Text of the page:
CybersecurityData Leak PreventionEndpoint SecurityFile SharingRansomware Protection

What Is Endpoint Security Management

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What Is Endpoint Security Management

The greater the number of endpoint devices connected to a corporate network, the greater the number of entry points available to cyber criminals. Endpoint security management is a software-based technique that is often centralized and allows network managers to identify and regulate end users’ device access over the corporate network. This includes employees’ personal devices.

Two services come to mind when strategizing a endpoint security management solution.

  1. SyncBox is a secure file synchronization and sharing service that offers continuous backup. This means that your endpoint devices and file sharing service, including both PCs and Macs, are continuously backed up. SynBox is also a rock solid Ransomware prevention service.
  2. With iSync’s managed Trend Micro Worry-Free endpoint security service, you can control all endpoint security from a single web interface. iSecure Cybersecurity

The following are some examples of endpoint security management, but the list is not exhaustive:

  • Virus protection software with managed updates
  • Web filtering
  • Management of applications and patches
  • Controlling the network access based on a “need to know” basis
  • Software for a virtual private network (also known as VPN)
  • Encryption of both data and emails

Administrators can restrict network access for any devices that do not adhere to the organization’s established security policy by configuring access permissions. They also have the ability to define policies so that end users can only access those parts of the network that are necessary for them to complete the responsibilities of their jobs (also known as “need to know”).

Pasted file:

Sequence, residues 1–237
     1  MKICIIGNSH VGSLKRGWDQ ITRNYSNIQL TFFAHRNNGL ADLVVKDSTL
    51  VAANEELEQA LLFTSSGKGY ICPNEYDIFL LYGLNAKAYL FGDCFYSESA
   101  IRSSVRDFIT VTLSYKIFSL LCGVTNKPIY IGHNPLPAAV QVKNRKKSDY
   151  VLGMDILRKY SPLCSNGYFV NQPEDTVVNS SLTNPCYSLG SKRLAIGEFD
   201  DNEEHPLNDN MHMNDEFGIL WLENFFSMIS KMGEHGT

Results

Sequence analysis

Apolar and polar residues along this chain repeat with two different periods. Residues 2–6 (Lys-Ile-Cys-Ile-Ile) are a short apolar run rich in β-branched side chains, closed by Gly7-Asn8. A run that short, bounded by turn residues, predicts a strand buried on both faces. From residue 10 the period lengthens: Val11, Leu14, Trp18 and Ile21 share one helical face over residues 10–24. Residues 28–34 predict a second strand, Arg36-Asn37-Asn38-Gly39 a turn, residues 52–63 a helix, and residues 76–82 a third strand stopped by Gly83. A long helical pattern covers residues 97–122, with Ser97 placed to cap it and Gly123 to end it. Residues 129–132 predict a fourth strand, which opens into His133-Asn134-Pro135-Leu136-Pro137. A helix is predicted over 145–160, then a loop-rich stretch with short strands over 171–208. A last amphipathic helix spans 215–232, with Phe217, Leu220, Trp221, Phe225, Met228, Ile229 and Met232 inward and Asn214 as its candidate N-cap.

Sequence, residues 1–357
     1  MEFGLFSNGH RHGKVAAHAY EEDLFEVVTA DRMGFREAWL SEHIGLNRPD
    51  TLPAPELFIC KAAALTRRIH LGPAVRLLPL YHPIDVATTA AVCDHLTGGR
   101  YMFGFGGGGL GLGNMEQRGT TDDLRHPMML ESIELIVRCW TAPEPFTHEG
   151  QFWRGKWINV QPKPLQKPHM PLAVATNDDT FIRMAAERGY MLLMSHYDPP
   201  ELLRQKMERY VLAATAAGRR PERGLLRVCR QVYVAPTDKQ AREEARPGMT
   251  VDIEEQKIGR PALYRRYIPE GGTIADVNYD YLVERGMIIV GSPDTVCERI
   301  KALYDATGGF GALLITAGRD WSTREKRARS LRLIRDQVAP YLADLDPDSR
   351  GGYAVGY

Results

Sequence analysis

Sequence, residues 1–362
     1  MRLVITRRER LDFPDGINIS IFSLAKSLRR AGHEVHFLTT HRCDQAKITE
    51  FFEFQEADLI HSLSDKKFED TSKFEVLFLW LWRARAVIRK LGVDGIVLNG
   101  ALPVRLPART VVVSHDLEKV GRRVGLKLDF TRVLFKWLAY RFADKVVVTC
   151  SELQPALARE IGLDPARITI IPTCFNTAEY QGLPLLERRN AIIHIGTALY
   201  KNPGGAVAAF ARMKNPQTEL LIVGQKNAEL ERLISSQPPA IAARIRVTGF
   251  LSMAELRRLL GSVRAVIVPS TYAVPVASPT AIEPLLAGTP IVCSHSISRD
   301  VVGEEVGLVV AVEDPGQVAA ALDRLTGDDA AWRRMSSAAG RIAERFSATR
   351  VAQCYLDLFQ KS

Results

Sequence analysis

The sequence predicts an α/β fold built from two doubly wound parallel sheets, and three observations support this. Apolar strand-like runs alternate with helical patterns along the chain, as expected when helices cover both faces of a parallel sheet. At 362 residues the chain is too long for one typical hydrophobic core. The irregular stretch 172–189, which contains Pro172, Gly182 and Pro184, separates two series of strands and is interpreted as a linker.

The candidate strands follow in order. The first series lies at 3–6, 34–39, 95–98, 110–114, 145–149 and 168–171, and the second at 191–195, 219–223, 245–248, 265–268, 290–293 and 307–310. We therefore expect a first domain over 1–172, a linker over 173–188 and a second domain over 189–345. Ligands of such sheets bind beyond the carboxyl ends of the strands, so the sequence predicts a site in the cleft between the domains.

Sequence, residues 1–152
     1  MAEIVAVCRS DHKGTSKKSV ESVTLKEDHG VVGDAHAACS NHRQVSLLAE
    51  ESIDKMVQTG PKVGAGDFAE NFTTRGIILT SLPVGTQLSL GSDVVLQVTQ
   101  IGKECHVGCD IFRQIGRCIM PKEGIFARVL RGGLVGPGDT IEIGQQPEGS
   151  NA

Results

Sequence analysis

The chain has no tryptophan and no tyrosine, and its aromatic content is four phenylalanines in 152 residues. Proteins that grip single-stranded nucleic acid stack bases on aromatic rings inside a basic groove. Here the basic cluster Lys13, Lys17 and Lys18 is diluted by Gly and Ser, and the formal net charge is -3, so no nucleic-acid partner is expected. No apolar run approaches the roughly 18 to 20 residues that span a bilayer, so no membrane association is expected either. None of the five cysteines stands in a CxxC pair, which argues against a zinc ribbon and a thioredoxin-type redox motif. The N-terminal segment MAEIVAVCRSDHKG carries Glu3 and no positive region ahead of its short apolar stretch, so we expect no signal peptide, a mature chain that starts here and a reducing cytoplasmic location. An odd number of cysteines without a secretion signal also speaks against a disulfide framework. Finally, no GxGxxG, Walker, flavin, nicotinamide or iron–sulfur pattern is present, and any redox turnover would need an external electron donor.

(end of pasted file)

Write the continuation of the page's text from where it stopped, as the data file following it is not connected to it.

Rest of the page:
Because of this, they contribute to ensuring that the business is protected from potential endpoint security risks despite how many devices are connected.

Why Is the Management of Endpoint Security So Important?

When companies expand, they typically begin to amass a more significant number of endpoints. As the system grows,  the number of users rises, and additional endpoints are required to support it. This results in a greater degree of accessibility to the resources of an organization.

Sadly, it also expands an organization’s attack surface and provides attackers with more entry points to a system. This is because it offers more entrance points.

If an attacker successfully breaches these entryways into your system, they will be able to steal valuable data, abuse system resources, and inflict other damage. Strong endpoint security management is one of the most effective strategies to stop attackers from taking advantage of your endpoints as a potential target.

This management encompasses remote devices, such as those that are permitted under policies known as bringing your own device (BYOD). In the absence of adequate management, these devices have the potential to introduce vulnerabilities into your systems and give attackers access to endpoints that would otherwise be secured.

The Mechanisms Behind Endpoint Security Solutions

Typical endpoint security solutions integrate several levels of security technology into a single unified platform. These solutions give teams visibility into endpoint devices and traffic, enable remote control of devices, aid in standardizing policy applications, and correlate event information from devices.

Most of the time, these platforms communicate with one another using proxies or agents installed on endpoint devices. These agents are responsible for gathering event data and reporting it to the central console. Specific agents can also control the behavior or configuration settings of endpoints.